Basic Livestock and Equine Care for Beginners

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More people are wanting to know where their food is coming from and as well as having an interest in raising livestock. With more people interested in starting a small farm or having a horse, it’s important to understand basic animal husbandry and the needs that animals require to keep them healthy. With more generations being removed from the farm, there are many misconceptions that people believe when it comes to livestock and equine. This article will cover basic care topics for anyone who is considering owning livestock or equine or has just started.

For all species of animals, nutrition and water are by far the two most important aspects of keeping and raising animals. All species have different nutrient requirements and some even have a different digestive system compared to others. All animals need clean and fresh water daily. Cattle require on average 20-40 gallons of water per day, horses require 20-25 gallons/day, and sheep and goats require 3-5 gallons per day. When purchasing feed, it is important to buy specie specific feed. If you have sheep do not buy goat feed for example. This goes back to the different nutrient requirements for species. Commercial feed from farm stores is required to have labels on them and information about how much to feed each animal. Please pay attention to the labels to ensure that your animals are consuming the correct amount of feed. Animals’ nutrition requirements will change throughout the year as well as throughout different production stages.

Having the right amount of space for your animals is important as well and can be a big role in nutrition. Especially for pastured animals. A pasture is not just a fenced-in area. Pastures should have plenty of desired forages for them to consume, not bare dirt or weeds that they will not eat. Some plants are toxic to animals, so it is important to know what plants you have growing in your pastures. Also, pastures have a carrying capacity which is the max number of animals that pastures can feed. This number will depend from farm to farm but in general, an average recommendation is 2-3 acres/cow, 1 acre/5 sheep or goats, and 2-3 acres/horse. Less acreage for pastures means that more feed has to be supplemented to maintain their nutrient requirements. If acreage gets too low or pastures are mismanaged it can create mud or manure concentrated areas which can lead to animal welfare concerns even if nutrition is being supplemented. Along with pasture and space for animals, they also need shelter from the sun, heat, wind, rain, storms, etc. Heat and sun are the main concern. Animals overheating and going through heat stress can cause detrimental loss.

Most of the time, animals will be out in a pasture setting, but there are times when it may be necessary to keep animals in a barn, pen, or lot. When it comes to these situations, all of these housing areas need to be kept clean and sanitary as well as meet the minimum spacing requirements for each species at their certain production stages. Mismanaged areas will lead to an unhealthy environment and provide unsafe conditions for the animals. All areas and pastures need to have above-average fencing. Not only to keep animals in but to keep unwanted animals out. Different species can require different fencing requirements, so it is important to understand the needs of each type of animal.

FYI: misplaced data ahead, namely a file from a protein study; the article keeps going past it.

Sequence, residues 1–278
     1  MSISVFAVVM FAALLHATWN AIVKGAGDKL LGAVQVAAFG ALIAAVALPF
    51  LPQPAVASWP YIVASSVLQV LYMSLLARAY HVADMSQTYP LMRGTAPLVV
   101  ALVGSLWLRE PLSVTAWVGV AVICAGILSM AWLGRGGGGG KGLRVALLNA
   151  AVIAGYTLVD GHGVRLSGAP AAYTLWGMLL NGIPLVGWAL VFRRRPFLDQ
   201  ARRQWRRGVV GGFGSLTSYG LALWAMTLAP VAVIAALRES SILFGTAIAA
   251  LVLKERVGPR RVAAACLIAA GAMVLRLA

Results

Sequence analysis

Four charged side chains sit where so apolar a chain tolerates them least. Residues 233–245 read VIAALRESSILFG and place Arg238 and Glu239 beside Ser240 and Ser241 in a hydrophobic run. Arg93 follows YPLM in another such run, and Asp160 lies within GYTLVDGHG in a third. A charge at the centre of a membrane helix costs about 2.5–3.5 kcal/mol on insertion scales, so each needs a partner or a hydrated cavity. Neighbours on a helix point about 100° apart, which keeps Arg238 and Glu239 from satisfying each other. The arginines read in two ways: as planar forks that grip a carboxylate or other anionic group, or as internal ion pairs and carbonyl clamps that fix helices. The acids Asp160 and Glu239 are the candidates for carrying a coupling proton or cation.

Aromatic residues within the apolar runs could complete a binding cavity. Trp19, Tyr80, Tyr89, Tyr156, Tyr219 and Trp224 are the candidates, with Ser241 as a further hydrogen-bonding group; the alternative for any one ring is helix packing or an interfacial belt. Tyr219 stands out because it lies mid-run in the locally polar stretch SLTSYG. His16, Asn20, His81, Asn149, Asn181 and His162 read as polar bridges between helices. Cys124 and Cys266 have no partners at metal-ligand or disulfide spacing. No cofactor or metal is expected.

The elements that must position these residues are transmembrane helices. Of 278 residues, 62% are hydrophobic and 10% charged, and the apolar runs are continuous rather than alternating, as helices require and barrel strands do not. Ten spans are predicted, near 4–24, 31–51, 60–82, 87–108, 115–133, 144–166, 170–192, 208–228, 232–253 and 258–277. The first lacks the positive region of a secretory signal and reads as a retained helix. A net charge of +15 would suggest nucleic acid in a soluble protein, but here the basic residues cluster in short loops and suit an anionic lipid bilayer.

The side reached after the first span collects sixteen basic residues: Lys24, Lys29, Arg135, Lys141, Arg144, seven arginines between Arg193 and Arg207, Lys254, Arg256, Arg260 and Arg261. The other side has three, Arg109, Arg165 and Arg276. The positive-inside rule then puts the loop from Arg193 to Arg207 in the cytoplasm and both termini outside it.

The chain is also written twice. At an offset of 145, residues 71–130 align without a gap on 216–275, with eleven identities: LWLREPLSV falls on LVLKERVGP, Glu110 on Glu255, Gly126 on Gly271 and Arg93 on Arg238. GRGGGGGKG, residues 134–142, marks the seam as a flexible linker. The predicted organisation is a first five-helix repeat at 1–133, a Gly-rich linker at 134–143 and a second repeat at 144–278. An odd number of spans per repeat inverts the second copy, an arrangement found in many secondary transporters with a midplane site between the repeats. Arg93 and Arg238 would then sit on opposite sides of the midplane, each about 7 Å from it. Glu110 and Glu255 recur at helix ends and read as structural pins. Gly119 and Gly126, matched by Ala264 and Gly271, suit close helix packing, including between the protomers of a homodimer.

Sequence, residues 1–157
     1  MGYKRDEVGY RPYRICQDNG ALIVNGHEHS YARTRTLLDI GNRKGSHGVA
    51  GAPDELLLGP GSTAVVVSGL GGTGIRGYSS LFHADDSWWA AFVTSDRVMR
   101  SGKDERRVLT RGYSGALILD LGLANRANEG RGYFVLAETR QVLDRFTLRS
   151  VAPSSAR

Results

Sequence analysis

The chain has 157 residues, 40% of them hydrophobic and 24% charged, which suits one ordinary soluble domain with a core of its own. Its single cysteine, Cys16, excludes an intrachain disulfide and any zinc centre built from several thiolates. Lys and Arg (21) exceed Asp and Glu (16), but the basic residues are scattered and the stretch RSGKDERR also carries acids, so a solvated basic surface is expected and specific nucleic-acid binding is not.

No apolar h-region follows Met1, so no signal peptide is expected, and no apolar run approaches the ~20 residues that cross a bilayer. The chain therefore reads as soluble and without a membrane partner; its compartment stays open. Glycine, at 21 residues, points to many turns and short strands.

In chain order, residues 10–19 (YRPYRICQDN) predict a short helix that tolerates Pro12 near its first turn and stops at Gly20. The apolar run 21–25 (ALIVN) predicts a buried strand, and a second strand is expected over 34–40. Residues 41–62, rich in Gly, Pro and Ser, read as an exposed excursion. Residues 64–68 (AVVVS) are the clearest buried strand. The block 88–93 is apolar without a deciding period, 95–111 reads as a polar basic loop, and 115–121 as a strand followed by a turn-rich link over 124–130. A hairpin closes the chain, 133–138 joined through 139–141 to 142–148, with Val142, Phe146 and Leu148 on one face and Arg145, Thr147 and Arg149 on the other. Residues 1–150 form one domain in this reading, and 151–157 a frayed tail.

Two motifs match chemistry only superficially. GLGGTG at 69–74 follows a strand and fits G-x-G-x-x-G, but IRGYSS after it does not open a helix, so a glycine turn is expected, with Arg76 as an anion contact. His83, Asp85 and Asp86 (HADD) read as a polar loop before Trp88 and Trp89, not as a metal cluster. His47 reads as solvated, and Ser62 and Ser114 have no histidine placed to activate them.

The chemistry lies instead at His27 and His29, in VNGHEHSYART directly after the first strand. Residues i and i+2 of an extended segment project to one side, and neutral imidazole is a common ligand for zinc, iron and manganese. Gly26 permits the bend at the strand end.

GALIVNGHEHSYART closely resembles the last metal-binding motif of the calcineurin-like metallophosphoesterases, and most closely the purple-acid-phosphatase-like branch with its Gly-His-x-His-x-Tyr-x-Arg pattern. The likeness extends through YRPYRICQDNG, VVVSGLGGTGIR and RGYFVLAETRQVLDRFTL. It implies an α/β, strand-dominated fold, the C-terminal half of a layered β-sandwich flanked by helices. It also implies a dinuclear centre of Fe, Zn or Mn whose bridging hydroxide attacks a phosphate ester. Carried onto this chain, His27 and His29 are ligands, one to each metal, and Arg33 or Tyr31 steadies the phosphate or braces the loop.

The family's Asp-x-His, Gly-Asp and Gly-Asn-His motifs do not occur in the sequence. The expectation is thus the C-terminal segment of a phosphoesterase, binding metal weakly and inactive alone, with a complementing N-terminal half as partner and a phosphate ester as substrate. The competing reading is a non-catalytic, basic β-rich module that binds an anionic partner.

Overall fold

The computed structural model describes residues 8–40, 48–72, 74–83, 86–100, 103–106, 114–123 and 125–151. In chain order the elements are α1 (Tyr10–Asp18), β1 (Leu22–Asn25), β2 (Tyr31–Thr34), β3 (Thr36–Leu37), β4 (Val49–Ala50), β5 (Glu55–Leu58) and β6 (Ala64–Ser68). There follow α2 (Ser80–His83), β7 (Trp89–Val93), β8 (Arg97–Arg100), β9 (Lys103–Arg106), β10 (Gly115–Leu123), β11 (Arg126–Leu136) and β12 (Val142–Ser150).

Animal health is the next biggest concern with it comes to animal welfare. Not providing care for animal health can be just as harmful as not providing nutrition. With that being said, if you have animals, it is important to have a close relationship with a veterinarian. If an animal does not receive the proper care when it is sick, it is an automatic animal welfare issue. All species have the ability to get diseases and illnesses just like humans. It is important to know what to look for and what is not normal when it comes to animal health. Certain species may require specific grooming or hoof care. For example, wool-type sheep need to be sheared at least once a year to keep them cool. Hoof care is really important for horses and often times needed for sheep and goats. Nutrition, management, and housing play a huge role in animal health.

In summary, if one chooses to raise and care for any type of animal, it is important to know as much as possible about those animals. Animals need to have above adequate nutrition, health, and overall management practices to ensure they are living in a healthy environment. If at any point an animal is being mismanaged whether it be neglect, poor nutrition or environment, or physical abuse it is unlawful and breaks the Animal Welfare Act which can lead to fines or imprisonment. We all want to provide the best environment for our livestock and equine. Sometimes it may be as simple as not knowing the best way to care for our animals and that is okay. Do not be afraid to ask questions. If you have any questions or are interested in raising livestock or equine, feel free to call the N.C. Cooperative Extension, Randolph County Center at 336-318-6000.